Both Mark Levin and Neal Boortz have a good synopsis of this train wreck in slow motion while congress and the regulators slept at the stupid switch.
Boortz is a recovering Real Estate Attorney who's paid exorbitant amounts of money not to practice law, but, instead, does a talk radio program 5 days a week - for the last twenty(?) years.
Mark Levin is also radio talk show host, and a constitutional lawyer (along w/ a certain pres. candidate). Levin practices law in the private sector, heading up the prestigious Landmark Legal Foundation in Washington DC.
Their conclusions are very similar. In short, hyper P.C. pandering by leftists in congress to appease quasi-marxist, 'community activist' groups (like acorn) wrote into law demands (RCCA) that private sector banks make unsecured, high risk loans which allowed people who had no business receiving mortgages (read: poor people) to receive those mortgages, yet were co-signed by Uncle Sam, anyways (that means you & me).
This bad debt train ran full throttle through many signals.
And, after 10 years of this bad debt being passed around like a biker's long tooth party girl, the chickens finally came home to roost.
But all the leftists can do is froth up another spittle-flecked tirade of BDS.
Levin has a 70 minute audio here.
Boortz has a one page editorial here.
RPC has the visual.
Updated update: Kevin Hassett at Bloomberg.com kicks bankrupt behind and takes names:
It is easy to identify the historical turning point that marked the beginning of the end.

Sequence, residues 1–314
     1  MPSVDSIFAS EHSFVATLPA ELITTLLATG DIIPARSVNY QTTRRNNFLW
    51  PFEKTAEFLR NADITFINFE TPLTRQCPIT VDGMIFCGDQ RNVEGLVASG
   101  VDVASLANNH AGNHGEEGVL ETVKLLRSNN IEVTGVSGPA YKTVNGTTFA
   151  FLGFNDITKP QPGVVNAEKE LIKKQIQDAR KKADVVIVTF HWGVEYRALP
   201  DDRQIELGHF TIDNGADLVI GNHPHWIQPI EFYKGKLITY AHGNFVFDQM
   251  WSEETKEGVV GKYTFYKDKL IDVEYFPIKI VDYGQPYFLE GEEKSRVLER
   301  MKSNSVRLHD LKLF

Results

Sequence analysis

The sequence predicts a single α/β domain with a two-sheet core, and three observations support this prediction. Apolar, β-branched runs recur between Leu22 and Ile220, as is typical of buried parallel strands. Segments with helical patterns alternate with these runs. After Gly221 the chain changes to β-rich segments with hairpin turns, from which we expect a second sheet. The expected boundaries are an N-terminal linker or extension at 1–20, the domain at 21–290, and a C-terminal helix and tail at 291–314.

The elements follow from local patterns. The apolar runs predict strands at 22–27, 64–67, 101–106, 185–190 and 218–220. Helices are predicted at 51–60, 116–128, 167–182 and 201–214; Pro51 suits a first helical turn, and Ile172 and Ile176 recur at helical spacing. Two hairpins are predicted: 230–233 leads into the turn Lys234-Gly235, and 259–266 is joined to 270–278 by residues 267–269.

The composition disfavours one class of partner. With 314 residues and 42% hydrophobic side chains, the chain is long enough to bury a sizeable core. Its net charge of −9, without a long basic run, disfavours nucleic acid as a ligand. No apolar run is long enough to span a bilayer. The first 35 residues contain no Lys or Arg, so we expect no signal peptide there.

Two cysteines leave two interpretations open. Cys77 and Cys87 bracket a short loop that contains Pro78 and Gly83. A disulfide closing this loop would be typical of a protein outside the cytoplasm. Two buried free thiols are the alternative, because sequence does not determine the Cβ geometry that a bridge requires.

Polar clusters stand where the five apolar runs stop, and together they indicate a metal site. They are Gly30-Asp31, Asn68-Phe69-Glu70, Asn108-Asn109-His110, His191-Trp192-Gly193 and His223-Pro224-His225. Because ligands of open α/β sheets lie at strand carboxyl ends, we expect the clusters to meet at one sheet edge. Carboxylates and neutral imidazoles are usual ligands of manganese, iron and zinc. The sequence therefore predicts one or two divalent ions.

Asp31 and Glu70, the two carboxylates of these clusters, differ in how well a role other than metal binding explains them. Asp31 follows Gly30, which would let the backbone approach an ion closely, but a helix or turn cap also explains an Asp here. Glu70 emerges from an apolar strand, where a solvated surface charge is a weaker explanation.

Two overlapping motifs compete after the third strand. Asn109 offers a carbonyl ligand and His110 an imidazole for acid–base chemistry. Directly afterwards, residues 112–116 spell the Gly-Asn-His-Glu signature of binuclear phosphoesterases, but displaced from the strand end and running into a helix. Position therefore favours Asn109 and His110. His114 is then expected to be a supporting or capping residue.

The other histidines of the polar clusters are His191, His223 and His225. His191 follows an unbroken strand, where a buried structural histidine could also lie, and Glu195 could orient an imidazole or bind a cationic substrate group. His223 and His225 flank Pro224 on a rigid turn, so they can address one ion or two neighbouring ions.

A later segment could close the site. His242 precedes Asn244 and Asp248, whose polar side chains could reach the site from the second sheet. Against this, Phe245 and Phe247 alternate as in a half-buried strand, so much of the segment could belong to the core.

Back in 2005, Fannie and Freddie were, after years of dominating Washington, on the ropes. They were enmeshed in accounting scandals that led to turnover at the top. At one telling moment in late 2004, captured in an article by my American Enterprise Institute colleague Peter Wallison, the Securities and Exchange Comission's chief accountant told disgraced Fannie Mae chief (former Clinton administration budget adviser & current Obama housing adviser*) Franklin Raines that Fannie's position on the relevant accounting issue was not even ``on the page'' of allowable interpretations...
...What happened next was extraordinary. For the first time in history, a serious Fannie and Freddie reform bill was passed by the Senate Banking Committee. The bill gave a regulator power to crack down, and would have required the companies to eliminate their investments in risky assets...
But the bill didn't become law, for a simple reason: Democrats opposed it on a party-line vote in the committee, signaling that this would be a partisan issue. Republicans, tied in knots by the tight Democratic opposition, couldn't even get the Senate to vote on the matter.
That such a reckless political stand could have been taken by the Democrats was obscene even then...
Many others throughout the blogosphere pick it up from there and add their own commentary.